Bruichladdich distillery’s origins date back to 1881 when the Harvey brothers: William, John and Robert oversaw the construction of the site. The Harveys were a dynastic whisky family that had seen successes with distilleries in Glasgow.
Unlike other Islay distilleries at the time the brothers ensured that their facilities would be state of the art. The stills themselves produced an extremely high quality spirit due to their unusual height and narrow necks.
The distillery changed ownership a number of times over the years, but its modern iconic status has its roots in 2000. Led by independent bottler Mark Reynier a group of investors purchased the distillery and began to implement a number of reforms. Firstly the entire distillery was disassembled and then meticulously rebuilt in the exact same way, with all of the Victorian stills remaining.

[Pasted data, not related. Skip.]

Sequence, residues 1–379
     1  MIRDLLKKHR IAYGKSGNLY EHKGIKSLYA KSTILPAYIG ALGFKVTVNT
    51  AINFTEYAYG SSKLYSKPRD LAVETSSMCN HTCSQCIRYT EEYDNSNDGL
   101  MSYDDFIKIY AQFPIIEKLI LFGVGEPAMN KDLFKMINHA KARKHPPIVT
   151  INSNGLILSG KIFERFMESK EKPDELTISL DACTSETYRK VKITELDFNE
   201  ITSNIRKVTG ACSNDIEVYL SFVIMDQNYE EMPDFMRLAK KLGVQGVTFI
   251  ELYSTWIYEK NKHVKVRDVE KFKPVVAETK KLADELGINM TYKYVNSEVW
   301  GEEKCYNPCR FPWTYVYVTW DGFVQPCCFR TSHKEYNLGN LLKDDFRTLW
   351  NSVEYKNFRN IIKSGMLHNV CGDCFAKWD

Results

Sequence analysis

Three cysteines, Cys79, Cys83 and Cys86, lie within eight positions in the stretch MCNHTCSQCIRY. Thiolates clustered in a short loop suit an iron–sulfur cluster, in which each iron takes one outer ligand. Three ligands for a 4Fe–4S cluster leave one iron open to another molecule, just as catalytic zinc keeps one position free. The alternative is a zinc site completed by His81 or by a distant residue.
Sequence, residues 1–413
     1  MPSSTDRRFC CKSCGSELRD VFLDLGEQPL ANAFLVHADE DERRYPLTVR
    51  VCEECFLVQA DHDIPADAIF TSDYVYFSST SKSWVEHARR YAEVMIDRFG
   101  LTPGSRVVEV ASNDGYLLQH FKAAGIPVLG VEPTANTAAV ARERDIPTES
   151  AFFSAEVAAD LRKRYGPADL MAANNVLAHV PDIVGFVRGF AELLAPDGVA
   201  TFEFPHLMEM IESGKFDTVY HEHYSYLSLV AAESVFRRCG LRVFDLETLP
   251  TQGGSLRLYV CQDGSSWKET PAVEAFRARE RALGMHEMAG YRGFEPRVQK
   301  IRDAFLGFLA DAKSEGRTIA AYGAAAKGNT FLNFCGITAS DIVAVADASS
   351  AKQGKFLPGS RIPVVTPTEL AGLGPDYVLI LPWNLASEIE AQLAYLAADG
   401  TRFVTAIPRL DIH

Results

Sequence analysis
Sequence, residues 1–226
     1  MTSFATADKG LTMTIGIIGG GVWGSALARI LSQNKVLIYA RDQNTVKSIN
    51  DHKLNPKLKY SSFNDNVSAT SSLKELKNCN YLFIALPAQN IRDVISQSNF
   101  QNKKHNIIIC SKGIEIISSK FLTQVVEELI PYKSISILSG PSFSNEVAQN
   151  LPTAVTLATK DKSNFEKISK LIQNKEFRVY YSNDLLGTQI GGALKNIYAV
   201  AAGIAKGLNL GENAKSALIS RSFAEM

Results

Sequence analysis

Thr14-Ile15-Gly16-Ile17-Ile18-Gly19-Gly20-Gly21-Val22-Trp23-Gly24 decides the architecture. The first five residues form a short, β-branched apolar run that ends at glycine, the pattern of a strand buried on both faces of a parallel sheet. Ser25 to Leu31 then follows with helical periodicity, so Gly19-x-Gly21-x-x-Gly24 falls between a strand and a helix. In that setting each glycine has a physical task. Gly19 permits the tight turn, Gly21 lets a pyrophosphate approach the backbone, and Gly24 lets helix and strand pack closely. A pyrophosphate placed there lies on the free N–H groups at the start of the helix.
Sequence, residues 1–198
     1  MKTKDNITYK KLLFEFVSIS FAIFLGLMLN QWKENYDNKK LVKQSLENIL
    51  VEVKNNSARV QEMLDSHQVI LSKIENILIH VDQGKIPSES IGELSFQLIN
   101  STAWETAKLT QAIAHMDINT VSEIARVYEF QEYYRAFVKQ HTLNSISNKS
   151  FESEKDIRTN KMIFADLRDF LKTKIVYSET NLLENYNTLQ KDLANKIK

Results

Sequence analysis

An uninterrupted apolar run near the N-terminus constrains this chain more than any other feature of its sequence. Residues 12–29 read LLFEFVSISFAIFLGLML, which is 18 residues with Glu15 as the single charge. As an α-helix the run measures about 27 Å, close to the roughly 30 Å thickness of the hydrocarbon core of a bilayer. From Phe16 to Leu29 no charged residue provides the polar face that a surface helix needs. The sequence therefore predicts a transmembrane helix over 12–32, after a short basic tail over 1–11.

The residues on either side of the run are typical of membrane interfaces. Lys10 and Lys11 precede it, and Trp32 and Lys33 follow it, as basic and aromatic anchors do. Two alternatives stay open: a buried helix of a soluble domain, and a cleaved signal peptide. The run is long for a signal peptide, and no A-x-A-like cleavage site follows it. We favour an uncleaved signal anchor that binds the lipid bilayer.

To this day the only computers used are for clerical tasks, with the actual distilling process instead being done traditionally by trained staff.
The entirety of the distillery’s production goes towards single malts with three expressions currently available. The titular Bruichladdich is the unpeated release, meanwhile Port Charlotte is strongly peated and the Octomore stands as ‘the most heavily peated single malt in the world’.
Bruichladdich distillery was purchased by French drinks giant Rémy Cointreau in 2012 for £58 million. Soon after major construction works began on new warehouses and doubling production.
At the time of writing Bruichladdich distillery is the largest private employer on the island of Islay.